Cotton futures fall off cliff by testing new lows
Cotton, stocks and most commodities suffered nightmare sessions last week. The ripple effect emanating from the global financial crisis had a crippling effect on all the markets worldwide. Cotton futures prices literally fell off the cliff as they began the week by dropping the permissible limit and posting new contract lows - every day this past week.
They ended the way they began - limit down. Any fundamentals that might normally been considered supportive such as a pick up in export demand, were overwhelmed by problems and fears coming out of the stock market. For the week December cotton lost 797 to 17 month lows while December 09 lost 829 for the week. Limits Monday will be expanded to 400 points.
Crude oil dropped $16, gasoline 27 cents. While gold dropped over $100 per ounce from its weekly highs set Friday morning, it still gained $26 an ounce for the week. Silver on the other hand being an industrial commodity, lost over 70 cents per ounce falling almost $3 per ounce from its Friday morning high. Failure at the morning highs, led to an unbelievable 1,000 point swing to the downside by the Dow Jones Industrials.
The emphasis of October supply/demand report was on the dramatic global economic slowdown. USDA slashed their estimate of the US export potential dramatically. The 1.5 million bale cut was the biggest month-to-month cut in my memory. The cuts in U.S. production were mainly in Louisiana and Mississippi directly attributed to Gustav and friends. The bottom line was an increase in the projected carryover from 4.9 million bales to 6.2 million bales.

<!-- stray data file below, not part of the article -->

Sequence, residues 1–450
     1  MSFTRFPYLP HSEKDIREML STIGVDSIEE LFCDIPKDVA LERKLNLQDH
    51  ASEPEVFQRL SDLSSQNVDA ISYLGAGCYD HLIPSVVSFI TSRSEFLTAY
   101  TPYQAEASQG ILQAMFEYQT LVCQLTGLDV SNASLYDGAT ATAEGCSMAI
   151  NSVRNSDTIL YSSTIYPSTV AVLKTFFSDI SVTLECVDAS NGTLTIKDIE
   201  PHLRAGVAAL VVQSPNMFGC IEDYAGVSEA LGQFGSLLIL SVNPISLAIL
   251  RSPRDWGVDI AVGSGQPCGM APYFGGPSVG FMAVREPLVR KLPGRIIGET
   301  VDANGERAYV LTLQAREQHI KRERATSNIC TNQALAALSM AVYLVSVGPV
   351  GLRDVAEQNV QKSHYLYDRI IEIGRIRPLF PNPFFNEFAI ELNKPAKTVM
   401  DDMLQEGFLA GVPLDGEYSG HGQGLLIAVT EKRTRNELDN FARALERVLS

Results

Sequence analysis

Globally, USDA increased their estimate of the Chinese crop by a million bales and reduced their import needs by a like amount. Forecasts for world consumption were reduced in several countries, as the crisis in world financial markets is projected to cut consumer spending and purchases of textiles. Consumption was lowered in China, Turkey, Bangladesh, India, Pakistan and Russia.
The USDA report was obviously bearish from a statistical standpoint. Normally, at least on the surface, this might be considered as having been discounted by the market since we have had a 15 cent per pound break since this time last month. By the way, ½ of that break has come in the last eight sessions just since the first of October. However, we are not in normal times so one can have any confidence as to what this report really means to the market because For now, the stock market meltdown overshadows cotton fundamentals.
The export sales report this past week indicated a pleasant surprise in export demand; not that it seemed to make any difference to the market. This weeks report showed sales for the week ending October 2 more than double the previous week at 272,700 bales. Talk on the street was that export inquiries began to pick up appreciably last Tuesday and Wednesday night but predictably disappeared Thursday night prior to Fridays USDA report.